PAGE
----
By Daniel Kohn
By Imade Nibokun
By Arrissia Owen
By Lilledeshan Bose
By Sarah Bennett
By Adam Lovinus
By Jena Ardell
By Nate Jackson
You know those bands you just can't seem to outgrow? The bands you still cling to even though their past few albums were not so great? In your mind, these bands can do no harm—at least not anything you can't conveniently forget: the good will always heavily outweigh the bad—even if the good was years and years ago. For me, that's Eels.
Today, singer/songwriter Mark Oliver Everett (or E, as he's more widely known) remains the only permanent member of Eels—even describing the group as the "vessel for his music." But in 1996, the band was a newly formed trio—also featuring Jonathan "Butch" Norton and Tommy Walter—with a debut album on the then-magical Dreamworks label and a hit single on KROQ, "Novocaine for the Soul." Electric-Shock Blues, the band's melancholy 1998 release, found greater critical sucess, filled with songs inspired by dying family members, mortality, suicide, cancer and other fun subjects. Despite their dark lyrical subject matter, the tracks retain a curiously Beck-ish, buoyant feel to them, a noticable contrast to the songs from 2000's Daisies of the Galaxy, the result of E's teaming with the Dust Brothers' Michael Simpson and Peter Buck of R.E.M. "I'm feeling pretty good now," he sings on "Grace Kelly Blues," which in retrospect is sort of funny: the album is also the last good work before the parade of mediocrity that followed.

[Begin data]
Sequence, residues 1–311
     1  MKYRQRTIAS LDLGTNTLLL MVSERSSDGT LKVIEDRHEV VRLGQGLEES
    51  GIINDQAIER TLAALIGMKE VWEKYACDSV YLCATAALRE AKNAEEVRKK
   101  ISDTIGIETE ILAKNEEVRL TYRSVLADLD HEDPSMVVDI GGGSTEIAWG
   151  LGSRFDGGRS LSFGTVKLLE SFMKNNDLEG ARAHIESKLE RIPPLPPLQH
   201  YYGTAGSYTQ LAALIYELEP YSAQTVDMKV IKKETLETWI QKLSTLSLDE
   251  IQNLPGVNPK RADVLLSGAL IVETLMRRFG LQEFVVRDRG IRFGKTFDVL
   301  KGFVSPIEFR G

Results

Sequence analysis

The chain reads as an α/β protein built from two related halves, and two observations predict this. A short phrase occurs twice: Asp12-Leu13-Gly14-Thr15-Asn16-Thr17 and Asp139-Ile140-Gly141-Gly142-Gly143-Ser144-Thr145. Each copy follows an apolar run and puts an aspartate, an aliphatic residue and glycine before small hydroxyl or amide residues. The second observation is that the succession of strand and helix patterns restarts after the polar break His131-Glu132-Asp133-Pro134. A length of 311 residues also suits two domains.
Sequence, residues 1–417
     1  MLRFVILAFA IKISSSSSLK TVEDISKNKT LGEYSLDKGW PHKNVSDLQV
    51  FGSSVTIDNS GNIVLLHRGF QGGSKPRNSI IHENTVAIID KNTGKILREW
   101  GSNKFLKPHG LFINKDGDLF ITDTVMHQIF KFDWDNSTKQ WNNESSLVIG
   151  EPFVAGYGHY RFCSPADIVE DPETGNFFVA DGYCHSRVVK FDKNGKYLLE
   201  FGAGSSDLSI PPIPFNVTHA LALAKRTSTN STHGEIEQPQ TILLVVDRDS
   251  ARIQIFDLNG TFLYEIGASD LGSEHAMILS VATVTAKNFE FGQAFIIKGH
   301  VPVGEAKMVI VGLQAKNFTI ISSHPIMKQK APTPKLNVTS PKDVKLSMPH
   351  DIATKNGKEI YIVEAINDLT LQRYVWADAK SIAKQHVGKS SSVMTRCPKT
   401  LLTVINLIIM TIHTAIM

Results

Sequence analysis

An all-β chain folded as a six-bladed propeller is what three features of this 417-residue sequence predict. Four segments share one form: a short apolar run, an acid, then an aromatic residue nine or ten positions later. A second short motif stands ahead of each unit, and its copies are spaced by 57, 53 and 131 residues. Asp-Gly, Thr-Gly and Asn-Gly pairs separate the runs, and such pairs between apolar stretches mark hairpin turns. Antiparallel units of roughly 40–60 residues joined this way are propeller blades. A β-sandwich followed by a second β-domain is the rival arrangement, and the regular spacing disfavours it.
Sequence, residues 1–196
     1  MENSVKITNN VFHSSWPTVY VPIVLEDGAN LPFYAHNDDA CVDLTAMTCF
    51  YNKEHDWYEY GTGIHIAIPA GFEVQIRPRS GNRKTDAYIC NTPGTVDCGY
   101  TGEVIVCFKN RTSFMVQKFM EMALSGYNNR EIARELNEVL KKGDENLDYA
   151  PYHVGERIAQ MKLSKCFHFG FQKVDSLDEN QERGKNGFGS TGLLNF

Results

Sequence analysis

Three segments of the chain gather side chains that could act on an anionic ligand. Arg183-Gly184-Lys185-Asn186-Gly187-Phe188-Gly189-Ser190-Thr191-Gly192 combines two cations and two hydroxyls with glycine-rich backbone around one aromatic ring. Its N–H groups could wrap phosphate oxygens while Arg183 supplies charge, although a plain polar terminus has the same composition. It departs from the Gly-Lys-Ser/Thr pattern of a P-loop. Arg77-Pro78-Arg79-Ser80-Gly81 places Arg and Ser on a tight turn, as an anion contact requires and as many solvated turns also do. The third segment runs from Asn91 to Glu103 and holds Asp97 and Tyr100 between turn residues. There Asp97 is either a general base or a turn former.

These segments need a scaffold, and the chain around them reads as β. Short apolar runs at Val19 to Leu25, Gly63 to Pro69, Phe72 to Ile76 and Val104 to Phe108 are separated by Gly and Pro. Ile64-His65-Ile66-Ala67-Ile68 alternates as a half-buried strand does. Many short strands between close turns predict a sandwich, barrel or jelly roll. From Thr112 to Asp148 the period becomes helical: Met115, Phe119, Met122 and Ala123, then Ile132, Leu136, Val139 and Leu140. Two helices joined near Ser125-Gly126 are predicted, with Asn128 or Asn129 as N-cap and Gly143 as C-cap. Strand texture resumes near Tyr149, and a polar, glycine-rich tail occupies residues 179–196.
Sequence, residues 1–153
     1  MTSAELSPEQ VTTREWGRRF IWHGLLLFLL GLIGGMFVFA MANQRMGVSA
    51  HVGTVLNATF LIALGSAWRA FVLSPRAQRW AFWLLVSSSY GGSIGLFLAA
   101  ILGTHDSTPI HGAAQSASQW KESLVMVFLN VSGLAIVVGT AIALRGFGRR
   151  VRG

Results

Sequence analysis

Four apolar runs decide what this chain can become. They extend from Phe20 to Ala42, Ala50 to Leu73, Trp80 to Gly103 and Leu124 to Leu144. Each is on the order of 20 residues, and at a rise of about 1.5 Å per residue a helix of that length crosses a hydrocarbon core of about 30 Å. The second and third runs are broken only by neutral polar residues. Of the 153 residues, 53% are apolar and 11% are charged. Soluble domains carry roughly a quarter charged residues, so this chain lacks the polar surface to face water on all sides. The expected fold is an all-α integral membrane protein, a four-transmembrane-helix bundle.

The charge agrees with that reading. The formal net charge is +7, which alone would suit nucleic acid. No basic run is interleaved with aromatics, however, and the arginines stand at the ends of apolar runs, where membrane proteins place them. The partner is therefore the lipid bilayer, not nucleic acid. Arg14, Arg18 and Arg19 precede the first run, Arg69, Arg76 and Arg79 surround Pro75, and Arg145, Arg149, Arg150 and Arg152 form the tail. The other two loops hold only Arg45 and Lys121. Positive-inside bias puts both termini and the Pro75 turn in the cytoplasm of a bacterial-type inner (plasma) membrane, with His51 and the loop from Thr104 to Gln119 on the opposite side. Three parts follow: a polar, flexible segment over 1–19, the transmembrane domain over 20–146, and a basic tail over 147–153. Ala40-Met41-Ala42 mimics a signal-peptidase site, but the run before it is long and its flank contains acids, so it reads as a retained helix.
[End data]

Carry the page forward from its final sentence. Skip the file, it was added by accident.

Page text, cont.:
And yet come Eels' Sunday night show, that shit parade won't really matter: I'll still be able to relive the glorious past of the '90s. Selective memory is a beautiful thing.
Eels with Smoosh (two sisters born in the '90s!) at the Galaxy Concert Theatre, 3503 S. Harbor Blvd., Santa Ana, (714) 957-0600; www.galaxytheatre.com. Sun., 8 p.m. $20. Call for age restrictions.